DAY HAGAN TACTICAL ALLOCATION STRATEGY MARCH 2018
Based on the March investment model updates and corresponding position changes, the Day Hagan Tactical Allocation strategy (DHTA) is now 66.7 percent invested in equity and equity alternatives (a decrease of 11 percent from last month), 23.3 percent in fixed income (an increase of 11 percent) and 11.0 percent in cash and cash alternatives (no change).*
The allocation for the DHTA strategy is now effectively neutral with regard to equity exposure. Although we increased our fixed income exposure, the overall level remains below our benchmark weighting. We note that the increase in our bond weighting likely represents a shorter-term opportunistic investment, and we are monitoring our bond models closely. The cash allocation remains slightly overweight at this juncture.
The Day Hagan Tactical Allocation strategy uses a quantitative, model-based, weight-of-the-evidence approach to determine the levels of investment and, by proxy, the levels of risk that should be taken at any given time. Currently, the overall equity vs. bond model indicates that risks have increased for stocks and diminished slightly for bonds. This month’s allocation changes, therefore, represent a reduction in portfolio risk.
- Equity market breadth is deteriorating, as several global equity indexes have breached intermediate-term moving average levels.
- With the significant decline in bond prices, bonds are calculated to be more oversold than stocks—even though stocks have also declined.
- From a contrary opinion perspective, longer-term sentiment measures for stocks have begun to reverse from excessively optimistic extremes and haven’t yet reached levels denoting excessive pessimism and lower-risk entry points (some shorter-term sentiment indicators have reached pessimistic levels, but not enough to influence the overall model).
- With global bond yields increasing, the spread between global equity yields and bond yields is narrowing. This is less of an advantage for equities, and places fixed income in a relatively more positive position near-term.
From a global equity perspective, the following changes were made:
- Reduced exposure to Europe
- The internal and external models for the European and U.K. regions declined as Leading Economic Indicators showed early signs of weakness and investor sentiment reversed from excessively optimistic extremes. Price-related indicators are also negative on balance.
- Reduced exposure to Japan
- Japan evidenced breadth deterioration as new highs declined relative to new lows, a sign that fewer stocks are participating in the upside. Meanwhile, earnings yield trends (for the MSCI Japan index) indicate that stock prices are already reflecting good earnings. In other words, for this ratio-based indicator to turn positive, stock prices would need to decline or earnings would need to meaningfully accelerate.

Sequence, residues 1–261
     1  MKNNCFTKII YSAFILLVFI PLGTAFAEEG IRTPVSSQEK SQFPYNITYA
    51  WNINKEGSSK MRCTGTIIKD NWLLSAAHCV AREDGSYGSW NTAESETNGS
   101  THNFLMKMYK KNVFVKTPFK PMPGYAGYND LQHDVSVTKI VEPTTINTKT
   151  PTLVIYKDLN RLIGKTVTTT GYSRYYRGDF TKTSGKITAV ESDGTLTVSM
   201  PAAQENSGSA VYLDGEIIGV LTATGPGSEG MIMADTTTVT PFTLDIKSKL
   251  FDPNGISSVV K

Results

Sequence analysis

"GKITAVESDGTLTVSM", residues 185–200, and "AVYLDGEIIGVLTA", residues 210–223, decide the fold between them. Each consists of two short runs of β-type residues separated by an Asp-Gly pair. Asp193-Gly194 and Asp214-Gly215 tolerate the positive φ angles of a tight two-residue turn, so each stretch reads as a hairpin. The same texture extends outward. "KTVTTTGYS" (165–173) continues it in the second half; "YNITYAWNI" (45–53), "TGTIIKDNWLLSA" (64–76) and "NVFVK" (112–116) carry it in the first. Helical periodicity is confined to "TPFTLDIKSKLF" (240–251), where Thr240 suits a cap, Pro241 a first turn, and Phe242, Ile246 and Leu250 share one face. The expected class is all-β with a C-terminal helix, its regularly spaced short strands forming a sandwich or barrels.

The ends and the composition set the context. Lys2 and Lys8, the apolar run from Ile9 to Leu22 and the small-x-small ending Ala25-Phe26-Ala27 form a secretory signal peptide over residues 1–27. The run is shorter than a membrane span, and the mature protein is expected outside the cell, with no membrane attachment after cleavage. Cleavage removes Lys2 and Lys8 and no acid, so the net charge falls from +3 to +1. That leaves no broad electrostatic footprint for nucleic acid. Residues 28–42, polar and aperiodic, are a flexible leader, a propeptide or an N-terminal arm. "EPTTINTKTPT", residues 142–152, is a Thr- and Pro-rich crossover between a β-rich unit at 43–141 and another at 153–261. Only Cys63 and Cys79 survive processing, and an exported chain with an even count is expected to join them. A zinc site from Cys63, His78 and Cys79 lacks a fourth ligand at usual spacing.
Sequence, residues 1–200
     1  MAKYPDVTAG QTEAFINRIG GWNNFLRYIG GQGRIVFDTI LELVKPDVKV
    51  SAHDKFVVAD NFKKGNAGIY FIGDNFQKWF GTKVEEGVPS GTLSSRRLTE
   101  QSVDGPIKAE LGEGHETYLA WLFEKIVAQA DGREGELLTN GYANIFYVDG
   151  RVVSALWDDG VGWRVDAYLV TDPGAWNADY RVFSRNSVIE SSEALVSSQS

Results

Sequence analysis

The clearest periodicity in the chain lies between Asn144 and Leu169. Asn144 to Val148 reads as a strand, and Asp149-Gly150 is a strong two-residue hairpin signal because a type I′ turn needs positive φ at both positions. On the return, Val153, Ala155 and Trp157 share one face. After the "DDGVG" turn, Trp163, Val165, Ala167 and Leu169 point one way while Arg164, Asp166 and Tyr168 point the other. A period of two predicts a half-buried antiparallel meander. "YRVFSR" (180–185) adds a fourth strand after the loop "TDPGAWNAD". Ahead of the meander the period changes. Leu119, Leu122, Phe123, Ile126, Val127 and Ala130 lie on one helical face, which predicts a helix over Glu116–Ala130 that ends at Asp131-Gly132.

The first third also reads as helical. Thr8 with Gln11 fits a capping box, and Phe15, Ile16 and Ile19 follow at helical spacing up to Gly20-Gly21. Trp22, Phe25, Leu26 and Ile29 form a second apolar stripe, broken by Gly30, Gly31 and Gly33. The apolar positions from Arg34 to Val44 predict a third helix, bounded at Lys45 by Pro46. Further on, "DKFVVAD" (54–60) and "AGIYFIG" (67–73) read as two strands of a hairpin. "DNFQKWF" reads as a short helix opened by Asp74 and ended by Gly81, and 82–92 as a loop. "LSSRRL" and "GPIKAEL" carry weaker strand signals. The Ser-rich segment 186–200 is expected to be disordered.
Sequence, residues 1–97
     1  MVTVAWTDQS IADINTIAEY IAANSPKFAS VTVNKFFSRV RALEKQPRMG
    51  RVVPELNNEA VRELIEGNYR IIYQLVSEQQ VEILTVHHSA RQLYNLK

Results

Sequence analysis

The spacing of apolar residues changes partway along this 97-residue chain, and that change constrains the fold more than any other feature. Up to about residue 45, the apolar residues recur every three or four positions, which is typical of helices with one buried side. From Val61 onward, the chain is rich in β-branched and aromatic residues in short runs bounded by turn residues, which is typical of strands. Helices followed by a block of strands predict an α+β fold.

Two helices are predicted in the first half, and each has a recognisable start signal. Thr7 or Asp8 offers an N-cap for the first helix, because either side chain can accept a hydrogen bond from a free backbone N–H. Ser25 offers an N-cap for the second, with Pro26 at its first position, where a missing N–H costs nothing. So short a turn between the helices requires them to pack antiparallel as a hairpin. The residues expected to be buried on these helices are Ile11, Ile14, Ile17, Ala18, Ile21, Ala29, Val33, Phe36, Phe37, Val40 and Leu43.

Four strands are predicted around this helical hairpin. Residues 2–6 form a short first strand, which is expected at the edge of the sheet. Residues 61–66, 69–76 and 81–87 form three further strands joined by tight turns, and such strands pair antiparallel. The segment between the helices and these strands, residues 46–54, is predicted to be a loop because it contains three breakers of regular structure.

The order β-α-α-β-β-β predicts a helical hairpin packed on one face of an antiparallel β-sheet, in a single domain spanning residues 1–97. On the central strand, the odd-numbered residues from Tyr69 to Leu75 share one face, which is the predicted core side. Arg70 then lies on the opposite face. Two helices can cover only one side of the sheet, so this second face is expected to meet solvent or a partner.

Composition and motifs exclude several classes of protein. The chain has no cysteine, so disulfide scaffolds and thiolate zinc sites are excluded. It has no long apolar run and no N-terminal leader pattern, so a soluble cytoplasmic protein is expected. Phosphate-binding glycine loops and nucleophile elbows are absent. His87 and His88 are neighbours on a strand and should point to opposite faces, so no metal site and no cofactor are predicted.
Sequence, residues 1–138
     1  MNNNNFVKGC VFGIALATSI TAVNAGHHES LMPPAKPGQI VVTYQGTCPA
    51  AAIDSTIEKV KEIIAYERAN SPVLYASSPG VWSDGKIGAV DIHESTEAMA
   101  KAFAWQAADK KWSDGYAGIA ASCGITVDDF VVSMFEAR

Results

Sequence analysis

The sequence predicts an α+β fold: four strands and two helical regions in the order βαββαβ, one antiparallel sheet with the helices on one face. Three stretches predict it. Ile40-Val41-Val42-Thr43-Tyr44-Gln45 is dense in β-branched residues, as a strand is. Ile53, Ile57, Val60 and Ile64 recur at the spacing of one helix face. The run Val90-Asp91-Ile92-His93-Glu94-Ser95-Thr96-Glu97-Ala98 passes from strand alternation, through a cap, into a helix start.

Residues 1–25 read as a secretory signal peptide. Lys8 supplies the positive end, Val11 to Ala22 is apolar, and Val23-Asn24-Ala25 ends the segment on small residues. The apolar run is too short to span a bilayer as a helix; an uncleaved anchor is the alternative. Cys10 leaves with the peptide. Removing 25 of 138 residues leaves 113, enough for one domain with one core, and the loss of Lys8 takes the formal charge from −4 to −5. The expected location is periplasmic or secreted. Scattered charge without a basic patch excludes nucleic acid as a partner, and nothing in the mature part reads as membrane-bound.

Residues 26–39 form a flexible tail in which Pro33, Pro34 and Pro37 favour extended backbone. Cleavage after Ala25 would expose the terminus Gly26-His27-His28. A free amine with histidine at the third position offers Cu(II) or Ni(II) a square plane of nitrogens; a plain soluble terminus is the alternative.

- Reduced exposure to U.S. Large Cap
- The Large Cap earnings yield (Proxy: Russell 1000 Index) is below the Small-Cap earnings yield (Proxy: Russell 2000 Index) to an extent that now favors small-cap stocks.
- Increased exposure to U.S. Small Cap
- Typically, small-cap U.S. companies tend to have higher tax rates than larger-cap companies. While there isn’t an indicator that specifically targets tax rates (or expected tax rates), the analysis does take into account earnings expectations, which reflect these changes. Tax reform clearly is a benefit for smaller-cap companies.
Although portfolio risk levels have been reduced, there is enough indicator evidence to support our remaining equity allocation. In other words, it’s not time to be bearish, but it’s not time to be overly aggressive either.
We will be looking for our models and the weight of the evidence to turn more positive before committing additional capital to equities or fixed income. At this point, the competing number of bullish and bearish indicators illustrates that markets remain vulnerable and are likely to continue to meander until economic growth can find a more solid foothold and there is more clarity on the big issues. Our view is that taking oversize positions based on “hope and change” is risky. Broad-based indicator confirmation is the key to success.
If you have any questions or comments, please feel free to call anytime.
Donald L. Hagan, CFA
PDF copy of Article: Day Hagan Tactical Allocation Strategy Update March 2018 (pdf)
Disclosure: (Note: *The fixed income and cash allocations reflect holdings within the exchange-traded funds that are utilized. Therefore, individuals may look at their portfolios and see slightly different stock/bond/cash allocations.)
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